Author: Kurt Vonnegut
Genre: Classic Sci-fi
Number of Pages: 275
I don’t read a lot of classics which is weird because when I do I usually like them. I picked Slaughterhouse-Five to read partially because it wasn’t very long and I read almost the whole thing in one day. The writing wasn’t overly elaborate or flowery at all and it pulled me right in. The book is about WWII veteran named Billy Pilgrim who arbitrarily time-travels and phases in and out of various parts of his life, past and future.
Billy is a strange, spacey sort and he was never much of a warrior. He has an unusual viewpoint on his life because the way he experiences it is more fluid than most people. He was also abducted by aliens, which further changes his view on things to the point where he can barely relate at all to ‘normal’ people. The premise of this book is really cool and it’s beautifully done, with lots of odd anecdotes and interconnected stories.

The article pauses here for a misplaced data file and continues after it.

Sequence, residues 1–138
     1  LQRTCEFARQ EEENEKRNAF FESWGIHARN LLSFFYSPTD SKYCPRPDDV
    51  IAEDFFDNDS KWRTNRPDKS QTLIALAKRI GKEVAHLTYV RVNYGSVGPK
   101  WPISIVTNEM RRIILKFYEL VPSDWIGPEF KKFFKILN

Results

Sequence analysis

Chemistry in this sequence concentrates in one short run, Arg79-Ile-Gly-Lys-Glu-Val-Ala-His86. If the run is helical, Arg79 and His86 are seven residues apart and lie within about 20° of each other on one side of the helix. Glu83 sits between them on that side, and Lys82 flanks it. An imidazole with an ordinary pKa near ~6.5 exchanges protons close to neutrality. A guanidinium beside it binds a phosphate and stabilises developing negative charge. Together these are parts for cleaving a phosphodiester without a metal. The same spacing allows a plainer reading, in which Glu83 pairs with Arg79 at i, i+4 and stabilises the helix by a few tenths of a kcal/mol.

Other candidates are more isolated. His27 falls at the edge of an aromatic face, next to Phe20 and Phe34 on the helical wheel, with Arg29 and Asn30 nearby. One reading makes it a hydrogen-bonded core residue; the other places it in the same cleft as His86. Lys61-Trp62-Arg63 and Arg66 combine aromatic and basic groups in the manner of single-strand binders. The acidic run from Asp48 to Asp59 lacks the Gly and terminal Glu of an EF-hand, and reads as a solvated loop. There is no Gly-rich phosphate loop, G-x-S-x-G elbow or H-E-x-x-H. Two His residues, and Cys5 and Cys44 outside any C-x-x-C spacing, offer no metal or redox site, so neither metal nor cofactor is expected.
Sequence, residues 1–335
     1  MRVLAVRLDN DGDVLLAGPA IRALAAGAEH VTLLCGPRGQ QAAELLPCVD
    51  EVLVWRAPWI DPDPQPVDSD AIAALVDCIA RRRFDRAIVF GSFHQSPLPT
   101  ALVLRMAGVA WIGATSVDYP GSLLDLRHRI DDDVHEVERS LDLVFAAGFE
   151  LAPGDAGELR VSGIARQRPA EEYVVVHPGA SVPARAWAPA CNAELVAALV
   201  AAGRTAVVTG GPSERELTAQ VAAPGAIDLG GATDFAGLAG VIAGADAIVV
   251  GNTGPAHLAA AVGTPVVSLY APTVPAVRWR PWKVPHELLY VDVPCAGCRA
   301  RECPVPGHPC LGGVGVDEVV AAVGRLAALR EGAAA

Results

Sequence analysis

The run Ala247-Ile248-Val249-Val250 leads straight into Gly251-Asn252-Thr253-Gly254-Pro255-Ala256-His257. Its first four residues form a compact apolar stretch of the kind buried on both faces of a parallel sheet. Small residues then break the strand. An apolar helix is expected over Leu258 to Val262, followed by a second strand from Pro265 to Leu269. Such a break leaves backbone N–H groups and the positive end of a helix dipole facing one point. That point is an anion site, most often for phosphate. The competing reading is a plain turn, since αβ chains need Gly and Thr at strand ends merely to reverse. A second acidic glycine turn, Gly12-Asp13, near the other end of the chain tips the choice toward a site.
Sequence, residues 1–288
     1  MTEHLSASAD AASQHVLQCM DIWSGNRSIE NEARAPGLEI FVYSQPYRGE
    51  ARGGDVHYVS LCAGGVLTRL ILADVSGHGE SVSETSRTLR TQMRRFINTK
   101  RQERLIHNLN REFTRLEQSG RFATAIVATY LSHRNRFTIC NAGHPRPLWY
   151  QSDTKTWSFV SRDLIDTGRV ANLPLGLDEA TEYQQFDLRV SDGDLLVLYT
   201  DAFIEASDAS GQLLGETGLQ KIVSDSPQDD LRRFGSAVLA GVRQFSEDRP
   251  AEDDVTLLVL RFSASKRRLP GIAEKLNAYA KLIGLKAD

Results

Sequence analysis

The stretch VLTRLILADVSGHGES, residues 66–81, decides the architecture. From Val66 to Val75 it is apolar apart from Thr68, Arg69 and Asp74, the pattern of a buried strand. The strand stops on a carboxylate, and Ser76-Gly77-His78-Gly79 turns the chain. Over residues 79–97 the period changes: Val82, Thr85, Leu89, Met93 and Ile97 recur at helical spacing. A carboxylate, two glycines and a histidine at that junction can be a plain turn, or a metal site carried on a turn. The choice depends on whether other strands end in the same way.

The story itself is a book-within-a-book written by a guy who survived a POW camp and usually I don’t like that kind of plot device (I find it gimmicky and it takes me out of the story) but in this case it actually ended up working. As soon as I finished this book I added most of Kurt Vonnegut’s books to my TBR list, the guy truly had an amazing imagination.
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